Role models should set better examples (steroids)

Sorry, Charles Barkley. You may have famously said “I am not a role model,” but the fact is, you are.

You may say that “parents should be role models,” and you’re right: they are and should be the primary role models in any young person’s life.

But most people don’t live on farms anymore. Most people’s neighbors are closer than five miles away. And people have television, and the Internet.

 When a modern, communication-linked society such as ours has a widely perceived set of questionable values, it’s hard for parents to steer against the current. And so, other positive role models become important as well. Hillary Clinton was right: it does take a village to raise a child.

We need good role models in that village. To his credit and despite his demurral, Barkley, a Hall of Fame basketball player, is a pretty good role model. He played with honor and distinction, and now is a respected, genial and insightful analyst and author.

Many other athletes, though, have failed their adoring fans. The World Health Organization and other international bodies, at a conference last week in Stockholm, laid much of the blame on elite professional athletes for their finding that the use of performance-enhancing drugs in sports has become a “public health issue,” and that use of steroids and human growth hormone is increasing in U.S. high schools.

“What we have learned in the last 10 years is that there is a trickle-down effect into recreational sports and into the high schools,” said David Howman, general director of the World Anti-Doping Agency.

The WHO said it “takes this issue quite seriously.” You should, too.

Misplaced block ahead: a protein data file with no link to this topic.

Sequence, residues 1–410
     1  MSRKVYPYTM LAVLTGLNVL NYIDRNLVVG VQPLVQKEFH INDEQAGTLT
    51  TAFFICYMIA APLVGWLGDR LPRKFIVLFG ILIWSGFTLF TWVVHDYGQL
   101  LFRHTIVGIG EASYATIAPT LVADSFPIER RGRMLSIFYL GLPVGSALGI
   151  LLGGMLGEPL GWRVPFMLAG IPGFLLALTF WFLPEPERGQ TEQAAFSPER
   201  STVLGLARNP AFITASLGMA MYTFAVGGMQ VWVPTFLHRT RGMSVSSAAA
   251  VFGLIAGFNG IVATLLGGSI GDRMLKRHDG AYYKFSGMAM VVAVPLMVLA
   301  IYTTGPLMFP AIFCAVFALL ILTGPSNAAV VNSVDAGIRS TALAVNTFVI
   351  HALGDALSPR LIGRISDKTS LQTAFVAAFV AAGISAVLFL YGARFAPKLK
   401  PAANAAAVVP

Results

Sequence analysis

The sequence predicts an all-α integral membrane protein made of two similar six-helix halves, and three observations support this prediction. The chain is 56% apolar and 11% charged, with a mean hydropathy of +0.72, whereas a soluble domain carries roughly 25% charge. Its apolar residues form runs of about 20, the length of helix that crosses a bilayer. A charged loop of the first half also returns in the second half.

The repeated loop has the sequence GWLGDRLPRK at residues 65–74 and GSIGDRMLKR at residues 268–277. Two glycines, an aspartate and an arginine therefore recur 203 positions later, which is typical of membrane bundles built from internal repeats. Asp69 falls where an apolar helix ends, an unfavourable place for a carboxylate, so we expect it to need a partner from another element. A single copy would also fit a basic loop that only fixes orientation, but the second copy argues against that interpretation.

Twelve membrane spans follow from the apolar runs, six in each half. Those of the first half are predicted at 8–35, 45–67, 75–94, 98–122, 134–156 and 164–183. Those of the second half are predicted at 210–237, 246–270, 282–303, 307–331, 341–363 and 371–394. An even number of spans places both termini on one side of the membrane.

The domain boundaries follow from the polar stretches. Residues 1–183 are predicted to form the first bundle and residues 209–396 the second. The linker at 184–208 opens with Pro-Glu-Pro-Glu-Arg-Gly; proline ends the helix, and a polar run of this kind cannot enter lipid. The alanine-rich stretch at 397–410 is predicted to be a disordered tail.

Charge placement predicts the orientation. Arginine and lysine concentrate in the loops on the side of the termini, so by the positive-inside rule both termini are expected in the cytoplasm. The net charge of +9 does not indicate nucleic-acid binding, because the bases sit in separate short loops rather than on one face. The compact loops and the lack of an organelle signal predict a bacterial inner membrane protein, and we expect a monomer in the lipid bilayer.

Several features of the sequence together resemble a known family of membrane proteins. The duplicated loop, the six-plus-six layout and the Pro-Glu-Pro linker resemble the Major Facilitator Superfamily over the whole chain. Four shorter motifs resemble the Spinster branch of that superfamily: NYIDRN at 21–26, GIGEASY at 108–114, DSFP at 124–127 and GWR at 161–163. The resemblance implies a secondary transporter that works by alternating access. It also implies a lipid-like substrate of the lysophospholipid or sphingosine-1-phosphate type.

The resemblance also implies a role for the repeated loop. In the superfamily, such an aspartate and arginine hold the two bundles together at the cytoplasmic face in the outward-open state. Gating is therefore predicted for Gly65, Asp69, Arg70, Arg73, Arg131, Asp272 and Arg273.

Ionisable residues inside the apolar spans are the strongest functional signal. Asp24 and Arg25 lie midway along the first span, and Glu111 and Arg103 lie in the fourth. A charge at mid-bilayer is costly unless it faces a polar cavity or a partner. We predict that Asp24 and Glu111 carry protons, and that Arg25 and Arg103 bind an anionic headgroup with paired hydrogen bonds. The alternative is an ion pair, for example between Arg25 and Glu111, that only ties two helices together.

Performance enhancement obviously gives users a competitive advantage, pressuring others to do the same to keep pace. Most high school kids don’t need more pressure to behave badly than they already have. Yet many feel they cannot achieve their dreams without endangering their health in search of an edge, the same edge that got their heroes multimillion-dollar contracts and public adulation.

Is it too much to ask of elite athletes, even if they don’t want the burden of being role models, that they at least not serve as models of bad behavior? Is it too much to ask that they consider the children of the fans who pay their enormous salaries? Every “hero” who turns out to be a cheater makes cheating seem a little more acceptable to impressionable young minds and boundless competitive spirits.

The warning issued in Stockholm should be taken seriously in every home and school in South Florida. We recoil at the thought of routine testing of young athletes, but all parents and coaches should educate themselves about the signs of PED use and how to protect their kids from it.

http://www.sun-sentinel.com/news/opinion/editorials/fl-palm-editorial-steroid-0927-20121015,0,1624274.story

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